A new "three-parent baby" technique could be licensed for use on patients as soon as the end of this year, a spokesman for the Human Fertility and Embryology Authority (HFEA) has said.
The new technique, "early pronuclear transfer" or ePNT, is reported in a study published in Nature on Wednesday. It could allow women who have potentially fatal mitochondrial diseases to have healthy children, instead of passing the diseases down.
Most of the cells of our bodies each contain thousands of mitochondria, which provide energy for those cells to operate. Billions of years ago, mitochondria were free-living organisms, bacteria, so they have their own DNA separate to our own.
Sometimes that DNA develops a mutation, and the mitochondria go wrong. It can have devastating consequences. Mitochondrial diseases can have symptoms including diabetes, blindness, deafness, learning difficulties, muscle wastage, and early death.
In ePNT, the nucleus – the part of the cell that contains our DNA – is taken from a fertilised egg taken from a woman with mitochondrial disease.
It is then transplanted into a fertilised egg taken from a healthy woman and grown into an embryo. Other techniques involve transplanting from an unfertilised egg.
The study found that ePNT produced high-quality viable embryos that were "indistinguishable" from those that lead to healthy babies in IVF clinics. Researchers say that it will lead to normal pregnancies and reduce the risk of babies being born with mitochondrial disease.
An HFEA spokesman told a press briefing that, now that the study has been published, a licence could be granted as soon as the end of this year.
Last year the British parliament voted to make mitochondrial donation techniques legal. Mitochondrial donation is better known as the "three-parent baby" or "three-person baby" technique, although scientists don't tend to use those terms, because the amount of DNA received from the "third parent" is minuscule – just 37 genes instead of the 20,000 in the nuclei of your cells.
Professor Doug Turnbull of Newcastle University, one of the authors of the study, told the briefing: "Mitochondrial disease affects a minimum of 10,000 patients in the UK.
"We are able to treat many symptoms, such as heart failure or epilepsy, but there’s no cure, and for many patients it’s a severe progressive disorder which in its most severe forms leads to death."
Professor Mary Herbert, another of the study's authors, told the briefing that the embryos created with ePNT were "indistinguishable from those created by normal IVF", and that there was no difference in the risk of chromosomal abnormalities.
"By any measure we’ve looked at, we’ve not found a harmful effect of the procedure," she said, "but there may be unknown ones that come to light. That's the same with any medical procedure."
The study used 500 eggs donated by 64 women. Researchers fertilised them using IVF techniques, let them grow for a day, then removed the nuclei from the "patient" embryos and implanted them into the "donor" ones. They found that only about 40% survived, so they tried implanting earlier in the process, to give the embryos time before they started dividing – hence "early" pronuclear transfer. "It involved working into the small hours," said Herbert, but the success rate went up to around 90%.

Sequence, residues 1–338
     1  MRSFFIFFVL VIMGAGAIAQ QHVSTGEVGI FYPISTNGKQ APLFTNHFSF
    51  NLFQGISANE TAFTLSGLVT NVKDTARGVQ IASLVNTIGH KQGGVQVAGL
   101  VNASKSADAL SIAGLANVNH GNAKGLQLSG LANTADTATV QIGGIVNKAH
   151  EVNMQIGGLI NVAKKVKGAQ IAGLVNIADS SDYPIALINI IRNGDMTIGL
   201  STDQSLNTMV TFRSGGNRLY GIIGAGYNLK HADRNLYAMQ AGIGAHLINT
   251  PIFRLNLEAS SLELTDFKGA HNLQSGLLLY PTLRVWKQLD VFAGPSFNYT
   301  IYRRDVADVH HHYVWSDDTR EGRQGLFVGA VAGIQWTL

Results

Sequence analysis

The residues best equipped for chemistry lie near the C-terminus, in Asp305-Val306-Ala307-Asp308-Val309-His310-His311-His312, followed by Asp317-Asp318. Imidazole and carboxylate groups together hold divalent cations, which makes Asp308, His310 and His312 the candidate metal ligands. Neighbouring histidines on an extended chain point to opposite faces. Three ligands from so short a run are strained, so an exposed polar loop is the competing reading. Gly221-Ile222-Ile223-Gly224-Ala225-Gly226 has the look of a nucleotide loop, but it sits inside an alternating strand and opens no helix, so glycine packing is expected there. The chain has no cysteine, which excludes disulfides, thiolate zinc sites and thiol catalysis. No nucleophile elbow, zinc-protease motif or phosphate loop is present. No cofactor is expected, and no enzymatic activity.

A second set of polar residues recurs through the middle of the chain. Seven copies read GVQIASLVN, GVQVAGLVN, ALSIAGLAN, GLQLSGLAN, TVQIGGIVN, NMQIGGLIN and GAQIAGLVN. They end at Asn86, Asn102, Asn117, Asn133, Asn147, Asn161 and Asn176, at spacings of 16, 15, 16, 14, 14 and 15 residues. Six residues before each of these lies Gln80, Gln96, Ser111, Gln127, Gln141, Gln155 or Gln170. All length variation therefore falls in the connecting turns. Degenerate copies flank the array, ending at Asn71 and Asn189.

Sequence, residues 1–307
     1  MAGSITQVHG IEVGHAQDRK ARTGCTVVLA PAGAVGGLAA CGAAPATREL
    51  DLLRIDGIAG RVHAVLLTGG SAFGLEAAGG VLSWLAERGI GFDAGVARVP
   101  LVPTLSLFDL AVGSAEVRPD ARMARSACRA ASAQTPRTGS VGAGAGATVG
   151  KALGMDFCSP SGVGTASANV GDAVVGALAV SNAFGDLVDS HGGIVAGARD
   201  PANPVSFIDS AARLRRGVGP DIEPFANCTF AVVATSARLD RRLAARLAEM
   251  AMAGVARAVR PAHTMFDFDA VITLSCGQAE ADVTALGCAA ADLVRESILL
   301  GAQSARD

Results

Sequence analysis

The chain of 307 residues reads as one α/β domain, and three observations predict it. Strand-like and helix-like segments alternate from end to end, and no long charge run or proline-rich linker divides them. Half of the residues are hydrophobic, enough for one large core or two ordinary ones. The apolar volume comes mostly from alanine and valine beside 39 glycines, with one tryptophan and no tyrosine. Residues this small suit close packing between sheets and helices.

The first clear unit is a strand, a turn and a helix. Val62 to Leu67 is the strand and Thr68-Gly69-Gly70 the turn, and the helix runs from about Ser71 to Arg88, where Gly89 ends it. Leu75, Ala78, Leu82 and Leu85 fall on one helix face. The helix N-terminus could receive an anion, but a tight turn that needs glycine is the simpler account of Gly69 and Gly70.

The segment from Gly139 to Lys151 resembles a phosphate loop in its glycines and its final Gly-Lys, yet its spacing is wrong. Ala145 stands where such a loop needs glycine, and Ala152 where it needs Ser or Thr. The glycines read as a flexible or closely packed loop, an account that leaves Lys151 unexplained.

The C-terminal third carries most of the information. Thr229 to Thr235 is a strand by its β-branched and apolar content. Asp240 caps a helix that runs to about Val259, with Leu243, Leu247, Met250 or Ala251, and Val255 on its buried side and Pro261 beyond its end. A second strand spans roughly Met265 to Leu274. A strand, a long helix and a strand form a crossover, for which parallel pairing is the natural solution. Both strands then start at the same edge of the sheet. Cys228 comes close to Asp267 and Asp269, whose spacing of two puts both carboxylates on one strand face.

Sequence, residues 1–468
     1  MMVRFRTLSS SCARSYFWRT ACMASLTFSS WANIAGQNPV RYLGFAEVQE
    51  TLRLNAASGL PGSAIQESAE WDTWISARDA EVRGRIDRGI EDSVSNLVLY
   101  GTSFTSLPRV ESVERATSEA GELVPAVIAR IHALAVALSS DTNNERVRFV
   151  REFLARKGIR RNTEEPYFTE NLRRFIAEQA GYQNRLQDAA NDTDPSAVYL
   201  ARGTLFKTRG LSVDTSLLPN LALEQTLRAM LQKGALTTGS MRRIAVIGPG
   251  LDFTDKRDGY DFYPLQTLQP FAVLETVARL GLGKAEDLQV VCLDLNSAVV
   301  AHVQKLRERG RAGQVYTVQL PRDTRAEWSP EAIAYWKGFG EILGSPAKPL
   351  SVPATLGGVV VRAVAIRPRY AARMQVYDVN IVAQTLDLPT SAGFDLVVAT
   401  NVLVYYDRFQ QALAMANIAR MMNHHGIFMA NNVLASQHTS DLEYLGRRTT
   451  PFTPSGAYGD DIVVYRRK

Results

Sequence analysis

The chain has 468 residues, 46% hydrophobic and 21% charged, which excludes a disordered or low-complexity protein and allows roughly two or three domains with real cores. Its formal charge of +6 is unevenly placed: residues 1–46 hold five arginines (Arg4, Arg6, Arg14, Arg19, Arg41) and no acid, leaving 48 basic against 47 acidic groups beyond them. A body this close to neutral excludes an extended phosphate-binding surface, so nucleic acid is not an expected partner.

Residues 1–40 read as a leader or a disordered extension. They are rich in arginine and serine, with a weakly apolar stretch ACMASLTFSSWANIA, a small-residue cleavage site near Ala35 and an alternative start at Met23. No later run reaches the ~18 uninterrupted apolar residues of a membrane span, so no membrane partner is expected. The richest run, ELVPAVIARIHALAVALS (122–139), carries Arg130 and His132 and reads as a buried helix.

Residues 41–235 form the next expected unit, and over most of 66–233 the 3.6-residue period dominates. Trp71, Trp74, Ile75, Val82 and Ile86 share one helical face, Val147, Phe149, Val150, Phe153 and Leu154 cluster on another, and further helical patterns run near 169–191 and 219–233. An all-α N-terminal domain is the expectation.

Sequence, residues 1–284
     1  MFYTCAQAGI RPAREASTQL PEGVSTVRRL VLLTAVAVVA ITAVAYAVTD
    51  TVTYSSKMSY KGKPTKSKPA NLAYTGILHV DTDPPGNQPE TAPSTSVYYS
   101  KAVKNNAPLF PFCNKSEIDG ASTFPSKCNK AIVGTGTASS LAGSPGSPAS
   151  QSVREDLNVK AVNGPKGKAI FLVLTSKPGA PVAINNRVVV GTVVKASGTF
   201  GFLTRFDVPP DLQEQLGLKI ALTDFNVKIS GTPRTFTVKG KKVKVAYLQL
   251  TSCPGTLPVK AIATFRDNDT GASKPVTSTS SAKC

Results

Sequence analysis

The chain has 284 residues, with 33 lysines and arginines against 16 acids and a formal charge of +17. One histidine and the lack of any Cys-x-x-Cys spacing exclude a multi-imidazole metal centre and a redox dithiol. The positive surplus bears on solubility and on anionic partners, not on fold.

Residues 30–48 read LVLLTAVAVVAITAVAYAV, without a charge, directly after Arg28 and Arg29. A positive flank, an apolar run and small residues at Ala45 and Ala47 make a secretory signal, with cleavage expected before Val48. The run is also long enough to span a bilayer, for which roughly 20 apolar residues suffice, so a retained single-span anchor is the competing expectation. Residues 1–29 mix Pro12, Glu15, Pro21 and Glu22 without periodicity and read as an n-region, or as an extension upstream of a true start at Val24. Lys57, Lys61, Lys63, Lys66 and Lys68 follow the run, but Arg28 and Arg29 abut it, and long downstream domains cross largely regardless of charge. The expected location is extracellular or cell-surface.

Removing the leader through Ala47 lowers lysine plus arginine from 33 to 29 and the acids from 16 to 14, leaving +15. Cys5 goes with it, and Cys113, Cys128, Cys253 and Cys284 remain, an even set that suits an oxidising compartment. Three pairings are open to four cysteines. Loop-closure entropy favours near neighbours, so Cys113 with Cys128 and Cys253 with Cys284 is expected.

One risk with mitochondrial donation is that some unhealthy mitochondria can be transferred across with the nucleus into the healthy cell. This "carry-over" could lead to a child being born with the symptoms the technique is meant to avoid, or perhaps they might avoid the symptoms themselves but then pass them on to their children. However, ePNT has a carry-over rate of less than 2% on average, which is well below the safe limit. "If you keep it below 5% there’s a low probability of transmission to the next generation," said Herbert.
Researchers say that the ePNT technique has a bonus in that it works best when the patient's eggs are preserved using a technique called "vitrification". That's good news for would-be mothers who are worried that they are running out of time to get pregnant, because they can preserve their eggs now and use them when the technique is licensed and available.
Dr Rafael Yáñez-Muñoz of Royal Holloway, University of London, told BuzzFeed News: "This is certainly very exciting. These are some of the leading groups in the UK, and they've been working to bring forward the possibility of mitochondrial donation. I imagine they'll now go back and ask the HFEA for a licence.
"The UK is leading the world in this."
He warned, however, that there are ethical concerns over ePNT. "This work involves the destruction of the nuclear DNA from the donor's egg – meaning that the donor embryo is effectively destroyed. That's unacceptable to some people, and we have to take those concerns seriously. [Other techniques] involve unfertilised eggs, so you don't destroy an embryo."
Sarah Norcross, director of the charity Progress Educational Trust, which works on infertility and genetic disorders, told BuzzFeed News: "The HFEA now must reconvene its expert panel to consider these findings. For the sake of patients hoping to be treated with mitochondrial donation, we hope that this will be done without delay."
Liz Curtis, CEO of the Lily Foundation, a charity to support families with mitochondrial disease, which she founded after she lost her daughter Lily to the disease at eight months old, said: “It’s really amazing to think that soon parents could have the opportunity to extend their family using this technique, after this study found no safety issues, and researchers think there’s a good chance it can prevent mothers from passing on mitochondrial disease to their children.
“I lost my daughter Lily to mitochondrial disease nine years ago, and it’s too late for me to think about another baby, but for so many families this technique is their only chance of having a baby born free of mitochondrial disease.”